No place for extremist Islam: Libya interim leader
Mustafa Abdul-Jalil said that the formation of a new government of experts is to be completed in the coming week.
Tripoli: Libya won`t turn into an extremist Islamic country, its interim leader assured the European Union`s top diplomat on Saturday, adding that the formation of a new government of experts is to be completed in the coming week.
Mustafa Abdul-Jalil, chairman of the National Transitional Council, caused a stir in the West last month when he said Islamic Shariah law would be the main source of legislation in the new Libya and that tenets violating it would be nullified.
At a news conference with EU foreign policy chief Catherine Ashton, he addressed those concerns. "We will not be an extremist Islamic country," he said. "Our Islam is moderate."
Other NTC members have said Abdul-Jalil had expressed his personal views on the role of Shariah law. They noted that a Constitution, which would address the role of religion in Libya, will only be written next year.
As part of Libya`s transition to democracy, following the capture and killing of dictator Muammar Gaddafi last month, a new interim government will run the country until a national assembly is elected by June. The recently appointed prime minister, Abdurrahim el-Keib, is to present a list of names of ministers to the NTC in the coming week, Abdul-Jalil said on Saturday.
Ministers would be chosen based on expertise, not tribal considerations, he said.
The NTC chief was evasive when asked about growing concerns about the uncontrolled ownership of weapons. Since the end of the eight-month civil war that toppled the Gaddafi regime, rival anti-Gaddafi militias have clashed repeatedly.
On Friday, a dispute between armed groups from the coastal city of Zawiya, some 30 miles (50 kilometres) west of Tripoli, and the nearby town of Warshefana left two people dead. The circumstances of the deaths remained unclear. It was the latest in a series of violent confrontations between militias jockeying for position.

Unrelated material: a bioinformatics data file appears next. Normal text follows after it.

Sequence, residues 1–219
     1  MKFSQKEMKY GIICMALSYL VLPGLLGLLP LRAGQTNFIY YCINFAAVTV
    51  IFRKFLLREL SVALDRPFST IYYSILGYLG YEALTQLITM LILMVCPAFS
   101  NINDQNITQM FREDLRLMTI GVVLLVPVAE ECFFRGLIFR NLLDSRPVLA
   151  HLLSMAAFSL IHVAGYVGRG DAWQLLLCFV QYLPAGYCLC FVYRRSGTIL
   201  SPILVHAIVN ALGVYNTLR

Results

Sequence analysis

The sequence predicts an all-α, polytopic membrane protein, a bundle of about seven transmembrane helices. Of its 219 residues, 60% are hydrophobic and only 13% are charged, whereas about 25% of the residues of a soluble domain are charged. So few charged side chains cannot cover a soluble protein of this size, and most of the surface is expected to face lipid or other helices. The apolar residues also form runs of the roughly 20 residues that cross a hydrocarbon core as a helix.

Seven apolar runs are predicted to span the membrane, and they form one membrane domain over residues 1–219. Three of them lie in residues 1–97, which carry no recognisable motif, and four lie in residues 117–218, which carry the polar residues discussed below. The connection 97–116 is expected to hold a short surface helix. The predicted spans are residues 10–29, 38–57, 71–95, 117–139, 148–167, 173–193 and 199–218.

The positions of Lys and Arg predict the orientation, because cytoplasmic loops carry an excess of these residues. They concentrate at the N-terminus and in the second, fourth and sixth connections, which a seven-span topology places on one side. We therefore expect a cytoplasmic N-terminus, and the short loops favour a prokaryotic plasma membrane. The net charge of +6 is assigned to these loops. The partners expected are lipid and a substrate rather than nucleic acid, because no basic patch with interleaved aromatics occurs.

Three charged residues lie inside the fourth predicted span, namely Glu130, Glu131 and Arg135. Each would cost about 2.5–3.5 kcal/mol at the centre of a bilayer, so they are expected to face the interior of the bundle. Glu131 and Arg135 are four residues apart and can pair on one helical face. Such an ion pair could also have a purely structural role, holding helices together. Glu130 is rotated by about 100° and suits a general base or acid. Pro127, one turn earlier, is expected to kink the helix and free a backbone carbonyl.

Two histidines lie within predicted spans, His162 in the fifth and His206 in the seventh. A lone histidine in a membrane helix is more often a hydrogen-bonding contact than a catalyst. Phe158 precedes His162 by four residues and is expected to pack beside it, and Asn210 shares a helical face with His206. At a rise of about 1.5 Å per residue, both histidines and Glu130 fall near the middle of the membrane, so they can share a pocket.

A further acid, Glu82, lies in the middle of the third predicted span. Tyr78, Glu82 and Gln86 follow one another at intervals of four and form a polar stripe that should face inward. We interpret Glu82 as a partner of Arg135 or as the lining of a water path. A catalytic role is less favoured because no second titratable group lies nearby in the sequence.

El-Keib, the prime minister, has said he could not disarm fighters until he has prepared alternatives, including jobs and training. Abdul-Jalil seemed to affirm the slow approach Saturday, noting that 75 percent of those carrying weapons are unemployed. "We will provide real opportunities of employment. We will support them," he said.
Ashton said she visited Tripoli to show her support for the post-Gaddafi Libya. "We hope to be here for many years as your partner," she told Abdul-Jalil.
She said she would try to ensure that billions of dollars in Libyan assets abroad, frozen as part of international sanctions against the Gaddafi regime, will be released as quickly as possible. She said she would raise the issue when European foreign ministers meet on Monday.
The EU has so far given Libya EUR 155 million in humanitarian support and is to help in other fields, including building state institutions and supporting the health sector, an EU statement said.